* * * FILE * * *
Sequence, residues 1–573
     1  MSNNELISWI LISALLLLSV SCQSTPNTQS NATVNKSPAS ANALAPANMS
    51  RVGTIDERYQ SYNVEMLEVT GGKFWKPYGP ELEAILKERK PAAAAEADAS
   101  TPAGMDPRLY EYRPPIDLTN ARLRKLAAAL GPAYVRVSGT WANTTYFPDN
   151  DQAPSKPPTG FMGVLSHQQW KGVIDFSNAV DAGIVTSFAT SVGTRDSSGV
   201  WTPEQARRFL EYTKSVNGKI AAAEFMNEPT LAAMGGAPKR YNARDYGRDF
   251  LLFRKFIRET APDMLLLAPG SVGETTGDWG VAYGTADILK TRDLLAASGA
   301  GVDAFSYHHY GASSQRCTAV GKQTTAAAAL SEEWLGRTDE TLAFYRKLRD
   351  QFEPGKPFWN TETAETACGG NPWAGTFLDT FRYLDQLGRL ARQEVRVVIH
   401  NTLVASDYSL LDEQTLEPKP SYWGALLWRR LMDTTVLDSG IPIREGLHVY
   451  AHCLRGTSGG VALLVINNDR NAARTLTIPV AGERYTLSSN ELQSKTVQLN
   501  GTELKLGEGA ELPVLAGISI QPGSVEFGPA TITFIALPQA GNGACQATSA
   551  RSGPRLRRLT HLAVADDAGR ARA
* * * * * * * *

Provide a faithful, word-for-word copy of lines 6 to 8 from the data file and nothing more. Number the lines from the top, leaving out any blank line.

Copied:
   201  WTPEQARRFL EYTKSVNGKI AAAEFMNEPT LAAMGGAPKR YNARDYGRDF
   251  LLFRKFIRET APDMLLLAPG SVGETTGDWG VAYGTADILK TRDLLAASGA
   301  GVDAFSYHHY GASSQRCTAV GKQTTAAAAL SEEWLGRTDE TLAFYRKLRD